WASHINGTON: The European Parliament recognised Venezuela's self-declared interim president Juan Guaido as the de-facto head of state on Thursday, a symbolic step that lawmakers said was designed to keep pressure on President Nicolas Maduro.
EU lawmakers voted in a non-binding resolution to recognise Guaido as interim leader and called on all EU governments to follow suit.
"From Europe, we can help change the Venezuelan regime and make it known that tyrants will never enlighten any democratic possibility," Spanish centre-right EU lawmaker Esteban Gonzalez Pons said in a statement.
Earlier on Wednesday, Guaido wrote in The New York Times that support from the Venezuelan military is “crucial” to efforts to oust President Nicolas Maduro.
Guaido said that secret meetings had been held with members of the security forces, and that most of those in uniform agree that the status quo cannot continue.
“The military’s withdrawal of support from Mr.Maduro is crucial to enabling a change in government, and the majority of those in service agree that the country’s recent travails are untenable,” Guaido wrote.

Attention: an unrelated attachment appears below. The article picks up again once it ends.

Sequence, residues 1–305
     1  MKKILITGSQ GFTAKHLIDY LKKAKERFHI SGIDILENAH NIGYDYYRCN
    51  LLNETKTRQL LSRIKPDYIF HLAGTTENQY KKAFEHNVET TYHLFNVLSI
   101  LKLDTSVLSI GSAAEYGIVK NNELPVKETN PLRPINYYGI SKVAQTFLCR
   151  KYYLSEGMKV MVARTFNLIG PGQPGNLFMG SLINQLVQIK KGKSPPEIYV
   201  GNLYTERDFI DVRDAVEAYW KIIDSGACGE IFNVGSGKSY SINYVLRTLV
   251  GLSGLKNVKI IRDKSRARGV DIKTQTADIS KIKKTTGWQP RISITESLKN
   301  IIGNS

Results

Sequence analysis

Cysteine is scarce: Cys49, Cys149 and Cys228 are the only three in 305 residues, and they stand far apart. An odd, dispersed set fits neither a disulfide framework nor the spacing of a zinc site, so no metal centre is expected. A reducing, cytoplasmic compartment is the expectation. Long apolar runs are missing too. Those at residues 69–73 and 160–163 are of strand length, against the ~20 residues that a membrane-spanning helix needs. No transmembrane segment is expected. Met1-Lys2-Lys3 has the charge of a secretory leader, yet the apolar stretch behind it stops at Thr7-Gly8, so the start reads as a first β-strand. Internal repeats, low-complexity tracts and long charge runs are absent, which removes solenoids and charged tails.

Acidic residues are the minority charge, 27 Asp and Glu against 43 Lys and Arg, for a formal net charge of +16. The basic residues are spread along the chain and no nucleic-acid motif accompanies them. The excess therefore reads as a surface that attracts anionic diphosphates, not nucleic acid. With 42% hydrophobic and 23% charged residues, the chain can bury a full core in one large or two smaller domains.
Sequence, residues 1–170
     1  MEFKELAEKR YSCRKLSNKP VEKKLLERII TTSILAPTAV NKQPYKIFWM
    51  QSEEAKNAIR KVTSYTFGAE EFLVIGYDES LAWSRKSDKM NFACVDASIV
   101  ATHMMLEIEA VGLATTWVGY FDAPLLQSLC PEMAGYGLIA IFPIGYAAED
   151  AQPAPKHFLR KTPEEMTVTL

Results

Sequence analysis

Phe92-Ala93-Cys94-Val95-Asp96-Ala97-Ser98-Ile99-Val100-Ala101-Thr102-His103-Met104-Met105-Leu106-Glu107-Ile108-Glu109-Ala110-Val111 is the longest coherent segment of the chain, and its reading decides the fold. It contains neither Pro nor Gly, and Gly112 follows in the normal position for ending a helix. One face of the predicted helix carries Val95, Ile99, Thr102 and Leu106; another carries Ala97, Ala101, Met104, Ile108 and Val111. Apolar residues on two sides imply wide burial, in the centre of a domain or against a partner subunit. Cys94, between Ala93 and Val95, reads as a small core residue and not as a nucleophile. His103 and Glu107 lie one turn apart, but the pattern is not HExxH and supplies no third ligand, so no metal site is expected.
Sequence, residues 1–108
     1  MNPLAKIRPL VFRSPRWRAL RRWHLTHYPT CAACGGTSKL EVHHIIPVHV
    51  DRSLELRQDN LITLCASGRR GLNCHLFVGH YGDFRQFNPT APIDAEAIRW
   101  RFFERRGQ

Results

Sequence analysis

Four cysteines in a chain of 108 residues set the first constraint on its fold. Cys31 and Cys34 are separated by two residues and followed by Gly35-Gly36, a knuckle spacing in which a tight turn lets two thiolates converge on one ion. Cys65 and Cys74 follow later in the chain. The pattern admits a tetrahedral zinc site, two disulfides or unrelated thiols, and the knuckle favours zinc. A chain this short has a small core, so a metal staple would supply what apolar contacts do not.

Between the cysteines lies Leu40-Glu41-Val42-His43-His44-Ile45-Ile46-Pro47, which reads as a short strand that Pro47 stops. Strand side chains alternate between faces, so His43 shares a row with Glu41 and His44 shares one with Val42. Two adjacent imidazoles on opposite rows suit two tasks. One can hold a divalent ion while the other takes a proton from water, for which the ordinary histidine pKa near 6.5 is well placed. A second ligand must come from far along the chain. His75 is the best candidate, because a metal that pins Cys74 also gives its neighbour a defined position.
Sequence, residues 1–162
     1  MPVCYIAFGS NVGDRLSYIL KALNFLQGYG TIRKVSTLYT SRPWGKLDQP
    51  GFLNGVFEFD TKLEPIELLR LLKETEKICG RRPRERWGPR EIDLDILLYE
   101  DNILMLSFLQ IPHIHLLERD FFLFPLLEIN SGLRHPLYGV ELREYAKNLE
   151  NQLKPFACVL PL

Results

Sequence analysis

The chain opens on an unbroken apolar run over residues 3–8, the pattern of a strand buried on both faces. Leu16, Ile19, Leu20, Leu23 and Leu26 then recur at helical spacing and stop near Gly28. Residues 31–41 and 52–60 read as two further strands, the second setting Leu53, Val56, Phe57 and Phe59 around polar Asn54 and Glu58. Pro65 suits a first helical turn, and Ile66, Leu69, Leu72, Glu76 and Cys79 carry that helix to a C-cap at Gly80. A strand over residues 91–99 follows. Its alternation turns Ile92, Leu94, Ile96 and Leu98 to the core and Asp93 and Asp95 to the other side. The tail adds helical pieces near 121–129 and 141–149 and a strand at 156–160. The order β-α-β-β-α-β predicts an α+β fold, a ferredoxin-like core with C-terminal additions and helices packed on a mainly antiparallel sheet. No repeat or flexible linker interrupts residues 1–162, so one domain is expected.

“The transition will require support from key military contingents. We have had clandestine meetings with members of the armed forces and the security forces.”
White House spokeswoman Sarah Sanders tweeted a link to Guaido’s op-ed along with the message: “America stands with the people of Venezuela.”
America stands with the people of Venezuela https://t.co/yT6h15rYsH
— Sarah Sanders (@PressSec) January 31, 2019
Guaido declared himself interim president last week, arguing that Maduro’s reelection was illegitimate and that he, as president of the National Assembly, was constitutionally mandated to step in.
He quickly earned the support of the United States and several Latin American countries, and six major European nations have told Maduro to call fresh elections by the weekend or they too will recognize his opponent.
Venezuela — which has the world’s largest proven oil reserves — has suffered an economic meltdown under Maduro’s leadership, marked by hyperinflation and shortages of basic necessities such as food and medicine.
Millions have been left in poverty, while 2.3 million more have fled the country, unleashing a migration crisis in South America.